Not to mention, the improvement in word-of-mouth recommendations from your customers thanks to the improved cup of coffee.

What Problems Get in the Way of Serving Premium Coffee?

The coffee beans are obviously one of the most important factors that goes into the flavour of your cup of coffee. However, a lot more is at play. The grind profile and freshness, the age of the coffee since roasting, the water quality, the machine quality, brewing method and technique, and the skill of the barista, are all individual factors that influence the taste of the final cup.

One of the most common issues that can get in the way of serving a high quality cup of coffee, even when you have invested in fantastic premium beans, is staff retention. As Marcus mentions, staff retention is an issue that is widespread across the coffee and hospitality industries. Developing the skills necessary to become a proficient barista can take months, if not years. Unfortunately, highly competent baristas are rarely compensated fairly for their skills, which leads to a consistently high level of staff turnover and inconsistent customer experiences regarding coffee.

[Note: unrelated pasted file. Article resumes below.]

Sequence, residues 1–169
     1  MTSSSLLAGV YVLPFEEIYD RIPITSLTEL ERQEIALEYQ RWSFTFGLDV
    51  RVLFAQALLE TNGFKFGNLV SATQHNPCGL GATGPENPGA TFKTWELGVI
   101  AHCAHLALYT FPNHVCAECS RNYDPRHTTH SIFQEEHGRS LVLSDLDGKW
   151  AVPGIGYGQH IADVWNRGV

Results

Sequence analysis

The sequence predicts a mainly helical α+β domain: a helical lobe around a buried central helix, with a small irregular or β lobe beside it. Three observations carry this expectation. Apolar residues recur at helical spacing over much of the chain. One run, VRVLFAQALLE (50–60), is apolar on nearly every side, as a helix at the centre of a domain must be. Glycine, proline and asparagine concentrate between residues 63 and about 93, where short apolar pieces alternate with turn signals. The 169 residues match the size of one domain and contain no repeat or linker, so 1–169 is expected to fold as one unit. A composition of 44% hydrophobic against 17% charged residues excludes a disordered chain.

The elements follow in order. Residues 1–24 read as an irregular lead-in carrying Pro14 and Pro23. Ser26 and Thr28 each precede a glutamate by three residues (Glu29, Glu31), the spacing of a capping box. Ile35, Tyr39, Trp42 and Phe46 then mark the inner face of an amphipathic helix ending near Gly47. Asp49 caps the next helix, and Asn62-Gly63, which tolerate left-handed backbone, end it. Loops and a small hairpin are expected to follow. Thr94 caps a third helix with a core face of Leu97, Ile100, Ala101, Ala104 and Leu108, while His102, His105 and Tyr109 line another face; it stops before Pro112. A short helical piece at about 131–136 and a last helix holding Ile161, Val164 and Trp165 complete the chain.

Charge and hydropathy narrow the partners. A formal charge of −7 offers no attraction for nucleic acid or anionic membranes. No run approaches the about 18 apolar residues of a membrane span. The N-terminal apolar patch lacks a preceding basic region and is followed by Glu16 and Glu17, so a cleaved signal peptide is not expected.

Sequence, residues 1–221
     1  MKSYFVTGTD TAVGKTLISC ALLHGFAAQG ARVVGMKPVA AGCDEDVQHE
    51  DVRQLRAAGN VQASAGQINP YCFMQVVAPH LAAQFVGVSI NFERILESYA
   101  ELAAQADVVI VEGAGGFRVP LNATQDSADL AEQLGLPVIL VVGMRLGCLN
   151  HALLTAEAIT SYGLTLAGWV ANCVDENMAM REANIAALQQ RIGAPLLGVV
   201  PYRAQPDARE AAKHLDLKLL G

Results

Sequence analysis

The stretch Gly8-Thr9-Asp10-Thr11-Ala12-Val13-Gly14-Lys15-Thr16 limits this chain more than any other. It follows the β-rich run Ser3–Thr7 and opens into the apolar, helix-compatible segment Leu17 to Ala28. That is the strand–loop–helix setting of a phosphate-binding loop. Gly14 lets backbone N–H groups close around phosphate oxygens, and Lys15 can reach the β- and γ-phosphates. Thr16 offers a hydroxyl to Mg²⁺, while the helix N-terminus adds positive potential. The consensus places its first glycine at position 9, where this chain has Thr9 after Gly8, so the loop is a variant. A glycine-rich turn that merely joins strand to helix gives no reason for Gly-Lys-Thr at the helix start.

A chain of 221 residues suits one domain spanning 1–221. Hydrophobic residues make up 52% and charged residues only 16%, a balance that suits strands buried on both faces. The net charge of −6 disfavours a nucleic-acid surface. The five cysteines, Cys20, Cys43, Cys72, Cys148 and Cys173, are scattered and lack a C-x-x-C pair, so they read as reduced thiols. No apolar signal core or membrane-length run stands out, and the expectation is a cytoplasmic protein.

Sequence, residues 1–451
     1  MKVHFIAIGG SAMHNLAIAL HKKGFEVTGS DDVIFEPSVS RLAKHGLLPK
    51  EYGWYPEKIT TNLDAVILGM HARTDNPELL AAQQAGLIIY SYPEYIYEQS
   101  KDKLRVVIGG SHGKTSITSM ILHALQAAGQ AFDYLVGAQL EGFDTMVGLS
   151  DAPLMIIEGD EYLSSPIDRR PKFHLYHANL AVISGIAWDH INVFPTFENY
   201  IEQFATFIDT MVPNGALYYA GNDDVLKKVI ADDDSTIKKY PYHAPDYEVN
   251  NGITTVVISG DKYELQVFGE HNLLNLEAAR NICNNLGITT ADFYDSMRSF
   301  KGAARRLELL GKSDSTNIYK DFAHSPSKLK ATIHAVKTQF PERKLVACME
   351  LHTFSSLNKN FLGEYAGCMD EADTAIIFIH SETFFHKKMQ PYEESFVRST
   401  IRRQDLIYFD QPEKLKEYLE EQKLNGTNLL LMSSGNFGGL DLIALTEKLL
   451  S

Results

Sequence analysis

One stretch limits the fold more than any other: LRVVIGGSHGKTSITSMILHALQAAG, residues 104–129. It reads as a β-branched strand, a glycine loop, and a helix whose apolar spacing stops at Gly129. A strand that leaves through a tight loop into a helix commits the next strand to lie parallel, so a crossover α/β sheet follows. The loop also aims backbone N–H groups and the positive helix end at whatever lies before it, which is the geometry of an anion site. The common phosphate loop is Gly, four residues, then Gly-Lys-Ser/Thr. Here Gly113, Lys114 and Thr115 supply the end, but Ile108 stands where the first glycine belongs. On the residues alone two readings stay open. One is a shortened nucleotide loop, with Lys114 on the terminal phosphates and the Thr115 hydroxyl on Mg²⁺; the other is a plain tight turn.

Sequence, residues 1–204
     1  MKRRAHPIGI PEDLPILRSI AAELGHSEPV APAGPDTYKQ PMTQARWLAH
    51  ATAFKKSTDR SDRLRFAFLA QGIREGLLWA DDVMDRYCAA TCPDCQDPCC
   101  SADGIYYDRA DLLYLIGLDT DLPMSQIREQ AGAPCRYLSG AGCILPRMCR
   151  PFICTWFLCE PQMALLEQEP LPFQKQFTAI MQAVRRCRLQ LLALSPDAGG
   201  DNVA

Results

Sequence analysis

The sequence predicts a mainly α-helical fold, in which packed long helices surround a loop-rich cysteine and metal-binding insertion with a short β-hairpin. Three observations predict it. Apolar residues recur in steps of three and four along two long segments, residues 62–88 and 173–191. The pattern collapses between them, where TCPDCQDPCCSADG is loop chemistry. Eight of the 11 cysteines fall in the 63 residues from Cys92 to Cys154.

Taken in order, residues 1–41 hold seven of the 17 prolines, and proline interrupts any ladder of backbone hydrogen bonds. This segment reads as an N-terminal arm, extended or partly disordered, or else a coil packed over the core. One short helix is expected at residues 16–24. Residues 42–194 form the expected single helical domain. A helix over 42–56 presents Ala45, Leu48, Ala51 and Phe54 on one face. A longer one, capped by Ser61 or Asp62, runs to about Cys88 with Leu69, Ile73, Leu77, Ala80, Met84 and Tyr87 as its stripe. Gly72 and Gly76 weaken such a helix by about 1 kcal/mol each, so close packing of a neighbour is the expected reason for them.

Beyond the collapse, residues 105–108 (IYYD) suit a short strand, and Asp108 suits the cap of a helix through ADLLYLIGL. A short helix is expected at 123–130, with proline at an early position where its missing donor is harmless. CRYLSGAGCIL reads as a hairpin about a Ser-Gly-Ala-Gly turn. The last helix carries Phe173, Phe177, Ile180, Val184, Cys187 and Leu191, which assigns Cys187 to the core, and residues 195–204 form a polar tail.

Can a Tastier Cup of Coffee Help Increase Revenue?

Imagine this: you’re in charge of an instore coffee shop that charges £3 for a flat white. You’re paying £8 per kilo for the roasted beans which taste bitter and harsh and have no clear origin, story or marketing message, but your high margins are making it difficult to consider a switch.

Consider the maths. Out of a kilo of coffee you’re generally going to get 50 cups of coffee, using a standard 18 gram dose per cup with some room for wastage. At £8 per kilo, you’re paying 16 pence for the coffee beans in each cup. £3 isn’t an unrealistic amount to charge for a flat white of this standard.

Now picture upgrading your coffee to a single origin, medium roast, fairtrade coffee. It tastes absolutely delicious, but costs £12 per kilo. That’s a significant jump, but still costing you just 24 pence per cup. You’re now serving delicious coffee: coffee that your customers are happy paying an extra 50 pence for. And a coffee that comes with a story, and gives plenty for your customers to buy into, your baristas to talk about, and your marketing team to drool over.

Of course, we’re making a few caveats here, including no drop-off in demand and your baristas being trained to a standard high enough to get the best flavour out of your coffee. However, you can start to picture how investing in a high-quality coffee can help you increase revenue significantly. It’s not unheard of for multiple site businesses to increase their revenue from coffee by up to 5 figures annually by improving the quality, and commanding a higher price.


How Much Does High Quality Coffee Cost?